What will the guest speaker at your upcoming sales kick-off meeting deliver?
- Business improvement?
If you are planning on paying $5,000 to $50,000 (or more!) for the privilege of listening to someone talk for an hour or so, you need to think carefully before you answer that question.
As part of my discovery process for a keynote I’m to deliver at a kick-off meeting, I ask the stakeholders what results they expect from my appearance. “For the team to sell more.” “To get them motivated.” “For them to have some fun.” Sometimes all three responses come from the same person. I ask what percentages of content, entertainment, and motivation they want. Few have thought very much about it. Over the years, as a buyer of these services, as a speaker, and now as a recommender of other speakers, I’ve learned a few things about this aspect of sales kickoff meetings. Let me pass a few of these on to you…
- Many kick-off meeting stakeholders (VP of sales, marketing director, CEO, event planner) think that they can have a sales trainer come to their annual event for an hour, three hours, or even a day and that person will deliver meaningful content that will have a lasting impact on their team’s performance. This is rarely the case. Sure, we’ve all picked up a trick or two from most content-oriented speakers we’ve heard. But long-lasting impact on the audience? Measurable results? Those require behavioral change, ongoing reinforcement, and plenty more. And someone speaking to your team for an hour isn’t likely to effect that change.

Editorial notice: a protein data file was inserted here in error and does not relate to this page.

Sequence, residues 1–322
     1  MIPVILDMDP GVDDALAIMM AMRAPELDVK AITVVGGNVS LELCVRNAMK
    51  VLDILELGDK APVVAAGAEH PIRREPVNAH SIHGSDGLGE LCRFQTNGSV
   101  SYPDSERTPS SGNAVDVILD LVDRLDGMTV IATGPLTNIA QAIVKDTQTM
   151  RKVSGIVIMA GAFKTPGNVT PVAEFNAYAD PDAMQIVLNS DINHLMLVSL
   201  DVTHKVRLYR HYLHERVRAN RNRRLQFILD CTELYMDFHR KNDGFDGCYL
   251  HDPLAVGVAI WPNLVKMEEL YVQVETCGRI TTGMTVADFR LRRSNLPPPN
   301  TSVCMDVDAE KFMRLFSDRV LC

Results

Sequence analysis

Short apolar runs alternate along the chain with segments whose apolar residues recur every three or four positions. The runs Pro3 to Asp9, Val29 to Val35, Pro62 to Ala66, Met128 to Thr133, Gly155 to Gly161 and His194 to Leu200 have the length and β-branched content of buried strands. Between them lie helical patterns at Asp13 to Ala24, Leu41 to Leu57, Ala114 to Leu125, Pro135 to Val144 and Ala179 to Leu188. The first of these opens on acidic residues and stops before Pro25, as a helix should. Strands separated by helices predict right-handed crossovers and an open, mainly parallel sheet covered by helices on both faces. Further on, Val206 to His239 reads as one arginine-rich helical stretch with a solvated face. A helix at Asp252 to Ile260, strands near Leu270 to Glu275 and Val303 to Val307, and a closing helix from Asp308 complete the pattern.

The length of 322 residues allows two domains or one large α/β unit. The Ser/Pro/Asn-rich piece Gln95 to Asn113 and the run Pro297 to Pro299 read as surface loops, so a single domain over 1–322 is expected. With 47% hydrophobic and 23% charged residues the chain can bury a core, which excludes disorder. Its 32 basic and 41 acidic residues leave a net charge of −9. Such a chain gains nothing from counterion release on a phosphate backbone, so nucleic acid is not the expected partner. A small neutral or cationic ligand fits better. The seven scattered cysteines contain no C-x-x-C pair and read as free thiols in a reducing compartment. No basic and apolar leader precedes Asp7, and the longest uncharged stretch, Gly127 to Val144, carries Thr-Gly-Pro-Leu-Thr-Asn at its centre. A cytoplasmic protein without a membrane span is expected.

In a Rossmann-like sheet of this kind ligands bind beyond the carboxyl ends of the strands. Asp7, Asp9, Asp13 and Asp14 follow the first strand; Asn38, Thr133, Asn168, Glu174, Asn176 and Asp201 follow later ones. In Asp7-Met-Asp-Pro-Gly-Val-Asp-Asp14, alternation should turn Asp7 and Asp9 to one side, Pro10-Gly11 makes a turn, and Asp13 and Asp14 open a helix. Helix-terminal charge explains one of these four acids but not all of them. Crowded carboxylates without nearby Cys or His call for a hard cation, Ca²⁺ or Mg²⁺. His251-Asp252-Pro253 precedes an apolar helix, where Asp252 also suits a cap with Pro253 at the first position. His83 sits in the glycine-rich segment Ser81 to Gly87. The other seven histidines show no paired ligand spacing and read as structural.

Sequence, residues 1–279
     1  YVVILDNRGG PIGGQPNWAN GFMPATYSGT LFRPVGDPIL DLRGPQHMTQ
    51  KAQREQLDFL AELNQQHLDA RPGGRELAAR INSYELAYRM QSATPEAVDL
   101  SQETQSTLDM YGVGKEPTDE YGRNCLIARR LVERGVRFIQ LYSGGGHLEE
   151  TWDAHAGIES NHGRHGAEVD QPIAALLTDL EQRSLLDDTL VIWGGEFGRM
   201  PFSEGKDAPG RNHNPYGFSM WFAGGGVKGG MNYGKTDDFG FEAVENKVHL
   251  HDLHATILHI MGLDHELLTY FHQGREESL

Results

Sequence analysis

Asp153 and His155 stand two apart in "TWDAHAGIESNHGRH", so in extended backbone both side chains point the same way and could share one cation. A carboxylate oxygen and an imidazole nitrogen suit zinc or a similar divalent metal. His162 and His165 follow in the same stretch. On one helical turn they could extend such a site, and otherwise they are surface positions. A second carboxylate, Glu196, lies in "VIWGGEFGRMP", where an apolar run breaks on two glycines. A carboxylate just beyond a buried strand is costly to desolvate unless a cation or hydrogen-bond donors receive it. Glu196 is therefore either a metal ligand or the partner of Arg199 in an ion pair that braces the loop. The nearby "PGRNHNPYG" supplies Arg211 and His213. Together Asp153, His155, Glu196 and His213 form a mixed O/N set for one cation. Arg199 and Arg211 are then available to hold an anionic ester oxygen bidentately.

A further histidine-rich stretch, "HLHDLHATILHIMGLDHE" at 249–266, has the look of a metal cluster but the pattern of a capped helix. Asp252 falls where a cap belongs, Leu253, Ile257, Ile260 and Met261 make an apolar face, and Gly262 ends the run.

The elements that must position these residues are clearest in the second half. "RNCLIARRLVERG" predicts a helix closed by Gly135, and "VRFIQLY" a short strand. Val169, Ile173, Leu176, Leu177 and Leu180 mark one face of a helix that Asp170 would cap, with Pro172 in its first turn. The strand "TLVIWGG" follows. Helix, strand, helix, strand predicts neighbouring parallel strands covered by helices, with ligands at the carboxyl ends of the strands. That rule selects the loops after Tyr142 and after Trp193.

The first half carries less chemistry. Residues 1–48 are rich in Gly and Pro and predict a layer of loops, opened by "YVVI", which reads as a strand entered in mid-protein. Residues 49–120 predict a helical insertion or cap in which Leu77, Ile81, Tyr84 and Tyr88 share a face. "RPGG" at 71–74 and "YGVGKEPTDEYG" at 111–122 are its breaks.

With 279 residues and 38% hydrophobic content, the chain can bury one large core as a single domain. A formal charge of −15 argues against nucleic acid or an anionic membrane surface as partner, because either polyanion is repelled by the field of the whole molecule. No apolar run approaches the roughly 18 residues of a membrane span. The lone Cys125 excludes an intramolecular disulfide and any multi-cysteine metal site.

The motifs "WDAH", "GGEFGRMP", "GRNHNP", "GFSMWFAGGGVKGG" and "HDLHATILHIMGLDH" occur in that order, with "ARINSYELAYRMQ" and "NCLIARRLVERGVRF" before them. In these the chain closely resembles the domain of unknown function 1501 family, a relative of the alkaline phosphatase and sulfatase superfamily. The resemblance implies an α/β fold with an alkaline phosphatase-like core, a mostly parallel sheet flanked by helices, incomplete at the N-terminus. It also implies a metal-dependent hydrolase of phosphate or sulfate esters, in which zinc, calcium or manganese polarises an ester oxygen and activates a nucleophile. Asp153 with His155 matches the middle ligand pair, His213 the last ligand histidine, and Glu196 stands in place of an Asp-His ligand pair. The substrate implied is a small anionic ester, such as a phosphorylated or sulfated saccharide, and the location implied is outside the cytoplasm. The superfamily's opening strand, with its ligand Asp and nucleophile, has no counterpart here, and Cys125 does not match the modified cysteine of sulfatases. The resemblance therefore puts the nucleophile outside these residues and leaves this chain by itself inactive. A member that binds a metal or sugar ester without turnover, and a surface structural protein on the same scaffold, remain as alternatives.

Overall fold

- Some think that a pure motivational speaker (former athlete, astronaut, president) will deliver a message that will impact sales performance through behavioral change. (The “If my team gets up an hour earlier every day, they’ll sell more,” type of thinking.) Again, most often speakers in this category can’t deliver those results for you. Sure, they can fire up a room full of sales people. I’ve been fired up many times by the best of the best, including Tony Robbins (during an 11-hour session, after which I was motivated enough to earn my pilot’s license and then buy an airplane!). But for salespeople, being fired up is for today and maybe tomorrow morning. It’s not for next quarter.
- When considering hiring a speaker for your meeting, set your own expectations properly. Don’t expect to receive business results from a generic keynote speech or breakout presentation unless it is either an legitimate knowledge transfer (such as an expert discussing the industry into which you sell), or it is integrated with your overall sales performance improvement strategy. If you’d like to provide your team with an hour’s entertainment, some new things to think about, the voice of experience or a passionate call to action, that’s fine. Just don’t expect any of that to have an impact on your bottom line.